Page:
[quote:325vslpa]rape should always be offensive. But that's the point of putting such things into fiction: elements in the story are meant to offend and that is part of the aesthetic experience.[/quote:325vslpa] Yes, I agree with you completely. The unpleasant parts of the story are what make it worth reading; a mushy, sentimental story without moral conflict isn't even a story. Its the characters' struggle through seemingly hopeless circumstances that makes you want to keep reading. But I think people who find the whole series distasteful because they are prudes and can't handle a story with a little grit ARE most useful as cannon fodder. (I assume that's what Virus was talking about). view post


posted 21 Jul 2006, 04:07 in Off-Topic DiscussionGaming? by Zarathinius, Auditor

I used to play D&D but then I moved. Didn't find any gamers there at all, but now that I've moved again (to Hawai'i), I hope I'll find some people. Especially considering it would be a damned shame if all my rulebooks went to waste. Those books are expensive! Still, I do have semi-funny gaming story: The adventure starts out with the entire group in a prison cell. I can't for the life of me remember why we were there. Anyway, this big bald guy (an NPC) gets thrown in with us, and informs us that we are all in big trouble. Now, none of us have any gear at all, not even a bit of wire for the thief (me) to pick the lock. So what do we do? Why, use good ol' baldy as a battering ram, of course! With the cell door smashed open, and only one of us is armed (with a rock). I really don't remember the rest of it, but I do recall that the guy who had the rock decided to keep it rather than get a real weapon. view post


posted 21 Jul 2006, 04:07 in Off-Topic DiscussionWhat is your favorite sport? by Zarathinius, Auditor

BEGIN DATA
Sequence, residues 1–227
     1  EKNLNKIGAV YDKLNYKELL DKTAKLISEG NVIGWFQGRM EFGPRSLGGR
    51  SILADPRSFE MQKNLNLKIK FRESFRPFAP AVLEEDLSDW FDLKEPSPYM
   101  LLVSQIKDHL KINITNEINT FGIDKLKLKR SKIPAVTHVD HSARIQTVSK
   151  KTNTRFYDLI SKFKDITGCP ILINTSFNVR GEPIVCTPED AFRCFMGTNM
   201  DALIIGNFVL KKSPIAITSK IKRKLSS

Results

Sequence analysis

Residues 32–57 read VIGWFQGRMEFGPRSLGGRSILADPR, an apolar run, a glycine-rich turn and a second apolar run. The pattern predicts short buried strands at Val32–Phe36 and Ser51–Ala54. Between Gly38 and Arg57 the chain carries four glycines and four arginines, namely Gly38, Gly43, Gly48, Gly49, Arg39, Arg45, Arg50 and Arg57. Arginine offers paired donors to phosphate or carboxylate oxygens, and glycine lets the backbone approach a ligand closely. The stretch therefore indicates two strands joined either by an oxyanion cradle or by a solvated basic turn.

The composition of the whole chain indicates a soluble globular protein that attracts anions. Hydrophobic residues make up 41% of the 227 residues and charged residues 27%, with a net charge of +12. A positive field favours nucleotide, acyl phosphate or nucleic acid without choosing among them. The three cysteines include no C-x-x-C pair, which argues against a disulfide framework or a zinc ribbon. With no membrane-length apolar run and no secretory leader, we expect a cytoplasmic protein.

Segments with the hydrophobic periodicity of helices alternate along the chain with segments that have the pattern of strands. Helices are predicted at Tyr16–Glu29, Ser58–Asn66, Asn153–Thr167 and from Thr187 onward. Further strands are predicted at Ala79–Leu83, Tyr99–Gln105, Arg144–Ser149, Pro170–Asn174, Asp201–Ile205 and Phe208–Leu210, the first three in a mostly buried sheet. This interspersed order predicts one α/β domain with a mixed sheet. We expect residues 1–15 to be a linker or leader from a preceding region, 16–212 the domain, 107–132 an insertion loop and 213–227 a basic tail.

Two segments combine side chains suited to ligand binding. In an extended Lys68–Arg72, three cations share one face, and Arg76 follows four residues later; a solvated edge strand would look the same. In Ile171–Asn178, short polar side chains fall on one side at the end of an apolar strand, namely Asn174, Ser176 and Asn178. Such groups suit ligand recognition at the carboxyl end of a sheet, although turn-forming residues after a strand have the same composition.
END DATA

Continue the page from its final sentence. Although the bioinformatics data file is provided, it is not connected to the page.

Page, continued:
I like fencing, and I ran track this past spring season. But really, I don't watch sports on TV. view post


posted 08 Nov 2006, 17:11 in Off-Topic DiscussionScott Bakker ruined it for me. by Zarathinius, Auditor

The DnD books lack something all right: Originality. Ever since The Lord of the Rings, fantasy writers have had a hell of a time thinking of a plot that does not center around a magical object. Then again, as a player of D&D, I don't mind a little pulp fantasy now and then. view post


posted 29 Dec 2006, 19:12 in Off-Topic DiscussionHelp me understand by Zarathinius, Auditor

Depression and world-weariness tend to appear during periods of prolonged, seemingly unescapeable stress. There's some science behind that, but I'm feeling too apathetic to look it up... view post


posted 10 Jan 2007, 07:01 in Literature DiscussionAny horror fans here? by Zarathinius, Auditor

I agree with borfalkian; Poe is very good, and I would put H.P. Lovecraft in second place (as Lovecraft tended to think of himself). "The Pit and the Pendulum" was my favorite work by Poe, and "The Colour Out of Space" was my favorite of Lovecraft's. I'm not much into the horror genre otherwise, though; I've never read anything by Stephen King. view post


posted 10 Jan 2007, 08:01 in Literature DiscussionNo more Elves. Innovative, Violent and Thought-provoking. by Zarathinius, Auditor

[i:2mrrn8tb]Mythago Wood[/i:2mrrn8tb] by Robert Holdstock; the concept alone is original and fantastic. The characters are believable, and the story flows well. In my humblest of opinions, one of the greatest and most underappreciated books ever written. Strangely enough, I didn't care too much for his other works. view post


posted 10 Jan 2007, 08:01 in Literature DiscussionOk so I feel like ive read every good author in existence. by Zarathinius, Auditor